Business partnerships are fantastic things. A good partnership offers all the same benefits of being self-employed but with a built in colleague to weather it all with. Like all relationships, though, business partnerships require careful tending to ensure they remain positive.
I am a big believer in the value of taking time to establish a positive grounding before you start. If you’re going into business in partnership with another person, whether they’re a spouse, friend, family member or former colleague, part of that grounding will include ensuring that the partnership is going to be sustainable over time.
Though business partnerships often work extremely well… many don’t. This is shown in the rate of divorce in couples who work together as it’s much higher than the norm. It’s far from unusual for partnerships to hit a metaphorical wall two or three years into their business because the two parties just aren’t compatible to be in business together long term.
There are ways to avoid this very common issue. I believe the most effective one is to invest the time before you start to ensure your partnership is up to the challenge. The best case scenario would be that this extra groundwork makes your partnership strong enough to succeed. The worst case is that it makes you realise the partnership isn’t going to work in business: which will save you time, money and heartache in the future.
At the beginning of a business partnership it’s really important to be able to honestly answer the following questions together:
The point of this conversation isn’t necessarily to both come out with the same answers. Rather, it’s designed to flag up any potential frustrations before they become an issue. If these initial honest answers help you to discover that you have very different working styles, you’ll be able to make provision now, right at the beginning of your business, to find a way to accommodate them both.
- What are your individual strengths?
- Do your strengths compliment each other?
- What are your personal values… and do they sit well with each other?
- Do you have a similar working style?
- Will you be able to happily work to the same routine, or two complimentary routines?
- What are your long term goals?
- What do you see as the perfect life/work balance?
- How do you approach finances?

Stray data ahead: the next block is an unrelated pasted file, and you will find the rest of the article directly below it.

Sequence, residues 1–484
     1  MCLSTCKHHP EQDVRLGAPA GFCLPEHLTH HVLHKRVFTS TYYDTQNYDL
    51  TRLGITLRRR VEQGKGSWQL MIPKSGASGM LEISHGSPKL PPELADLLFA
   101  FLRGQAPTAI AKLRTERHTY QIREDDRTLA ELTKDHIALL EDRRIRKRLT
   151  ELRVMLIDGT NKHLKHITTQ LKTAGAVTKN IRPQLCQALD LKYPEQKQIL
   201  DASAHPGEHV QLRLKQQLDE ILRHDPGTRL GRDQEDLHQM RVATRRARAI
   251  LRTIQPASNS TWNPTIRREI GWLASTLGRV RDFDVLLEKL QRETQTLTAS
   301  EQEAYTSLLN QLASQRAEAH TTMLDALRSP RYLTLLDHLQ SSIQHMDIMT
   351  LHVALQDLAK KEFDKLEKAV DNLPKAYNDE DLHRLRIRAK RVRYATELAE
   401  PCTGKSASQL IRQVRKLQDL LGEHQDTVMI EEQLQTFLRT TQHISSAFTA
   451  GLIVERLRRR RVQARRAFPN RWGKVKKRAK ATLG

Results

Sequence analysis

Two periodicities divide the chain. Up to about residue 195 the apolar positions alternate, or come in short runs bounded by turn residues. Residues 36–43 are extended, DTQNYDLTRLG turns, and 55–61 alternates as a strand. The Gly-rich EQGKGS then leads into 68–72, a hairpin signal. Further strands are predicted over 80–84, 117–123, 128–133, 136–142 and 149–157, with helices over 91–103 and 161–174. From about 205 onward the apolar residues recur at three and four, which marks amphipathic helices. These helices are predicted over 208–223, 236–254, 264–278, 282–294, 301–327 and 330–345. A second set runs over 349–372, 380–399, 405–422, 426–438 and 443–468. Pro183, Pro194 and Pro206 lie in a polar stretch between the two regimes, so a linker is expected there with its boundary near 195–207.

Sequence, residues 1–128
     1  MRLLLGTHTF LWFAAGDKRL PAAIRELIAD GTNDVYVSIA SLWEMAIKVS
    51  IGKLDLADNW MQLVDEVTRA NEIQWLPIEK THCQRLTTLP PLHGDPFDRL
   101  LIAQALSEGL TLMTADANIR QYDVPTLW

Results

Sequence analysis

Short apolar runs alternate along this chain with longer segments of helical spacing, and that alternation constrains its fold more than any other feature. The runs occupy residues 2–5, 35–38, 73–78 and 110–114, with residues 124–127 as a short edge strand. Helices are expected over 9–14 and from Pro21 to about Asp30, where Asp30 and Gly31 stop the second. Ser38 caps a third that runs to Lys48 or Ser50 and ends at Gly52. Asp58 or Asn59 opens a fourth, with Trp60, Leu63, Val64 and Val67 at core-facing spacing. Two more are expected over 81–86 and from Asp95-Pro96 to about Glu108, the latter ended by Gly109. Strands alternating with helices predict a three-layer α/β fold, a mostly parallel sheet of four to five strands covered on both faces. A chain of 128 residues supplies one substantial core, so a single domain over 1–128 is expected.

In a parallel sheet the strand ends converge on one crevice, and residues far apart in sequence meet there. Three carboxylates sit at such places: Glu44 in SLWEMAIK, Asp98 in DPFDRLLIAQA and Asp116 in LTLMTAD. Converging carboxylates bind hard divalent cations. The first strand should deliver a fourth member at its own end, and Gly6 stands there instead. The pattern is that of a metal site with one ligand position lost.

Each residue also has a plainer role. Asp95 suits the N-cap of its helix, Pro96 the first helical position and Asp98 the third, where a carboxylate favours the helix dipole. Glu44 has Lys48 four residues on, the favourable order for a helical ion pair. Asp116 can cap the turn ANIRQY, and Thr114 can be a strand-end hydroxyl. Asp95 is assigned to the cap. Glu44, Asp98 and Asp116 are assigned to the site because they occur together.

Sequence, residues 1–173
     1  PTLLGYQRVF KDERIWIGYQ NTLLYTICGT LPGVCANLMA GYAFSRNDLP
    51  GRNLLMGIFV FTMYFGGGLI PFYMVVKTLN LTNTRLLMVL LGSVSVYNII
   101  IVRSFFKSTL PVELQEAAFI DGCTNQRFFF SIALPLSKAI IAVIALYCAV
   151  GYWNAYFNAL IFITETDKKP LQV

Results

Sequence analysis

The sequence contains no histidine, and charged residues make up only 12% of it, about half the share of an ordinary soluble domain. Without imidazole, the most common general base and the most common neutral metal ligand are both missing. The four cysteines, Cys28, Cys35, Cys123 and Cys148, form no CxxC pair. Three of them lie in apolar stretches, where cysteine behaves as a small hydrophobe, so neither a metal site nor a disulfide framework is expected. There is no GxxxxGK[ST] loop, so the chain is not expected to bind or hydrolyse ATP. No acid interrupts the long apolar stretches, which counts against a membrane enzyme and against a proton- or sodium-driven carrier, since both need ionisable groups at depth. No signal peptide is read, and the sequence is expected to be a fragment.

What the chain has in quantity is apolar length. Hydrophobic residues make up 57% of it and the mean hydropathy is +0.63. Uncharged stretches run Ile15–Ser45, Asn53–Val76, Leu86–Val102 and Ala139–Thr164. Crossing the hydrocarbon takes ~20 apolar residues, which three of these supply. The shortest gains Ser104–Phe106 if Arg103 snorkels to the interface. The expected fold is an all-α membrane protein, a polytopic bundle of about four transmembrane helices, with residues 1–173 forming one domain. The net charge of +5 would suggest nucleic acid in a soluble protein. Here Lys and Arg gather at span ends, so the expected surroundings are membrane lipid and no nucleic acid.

- How ambitious are you?
These conversations can often be difficult to have, especially if you’re not really sure where to start. You may wish to address this by bringing in a third party to facilitate discussion. Working with a professional mediator could be an excellent way to dig down into your partnership, unearth any as-yet-undiscovered problems and find a solution before they begin to weaken your business.
A mediator would also be a great way forward if your initial discussions have brought up concerns and you and your business partner are unsure about how to proceed.
If you think a mediator might be beneficial to your business partnership, I’d be very happy to chat to you about how I could fill that role. Why not give me a call or send me an email?
Being in business with someone is a big commitment. This is true whether you’re in business with your spouse, a family member, a friend or a professional colleague. When you decide to go in on a venture with another person, it’s important to make sure you do ongoing checks to ensure you’re both still pushing forwards in the same direction.
I call these ongoing checks partner audits. These are serious conversations that are best done at regular intervals. Many of the sets of business partners I’ve worked with have found that it works well to formalise these checks to distinguish them from their other everyday conversations. This works particularly well for business partners who are particularly close in other spheres of life such as spouses, siblings or best friends.
Do you do a regular partner audit in your business? If not, I would definitely recommend it as something to think about. Here are five questions you may want to ask your business partner.
One: Are we still moving in the same direction?
Sometimes an unprofitable period can be explained by business partners who didn’t know they were actually working towards different goals. The best progress happens when you work together!
Two: Have your priorities shifted?
This relates to both your business partner’s priorities within the business and out of it. Depending on your relationship with your business partner, you may not know about any personal challenges they’re currently facing. Concerns at home or with their health could take their focus away from the business, so it can be really helpful to ask this question regularly.
Three: Do we still want the same things from the business?
Just because you wanted the same things when you started out doesn’t mean you will further down the line. Changing personal commitments might mean that the ideal work/life balance when you started out doesn’t work for you anymore. Equally, you may find that interests and passions shift over time and that one of you now wants to work towards slightly different goals.
Four: Is there anything that isn’t working for you at the moment?
Have you ever had a small niggling issue with someone you work closely with that has grown into a much bigger problem over time? Asking this question regularly can help you both to address those small niggles before they start to cause real resentment.
Five: Are you satisfied with where we are?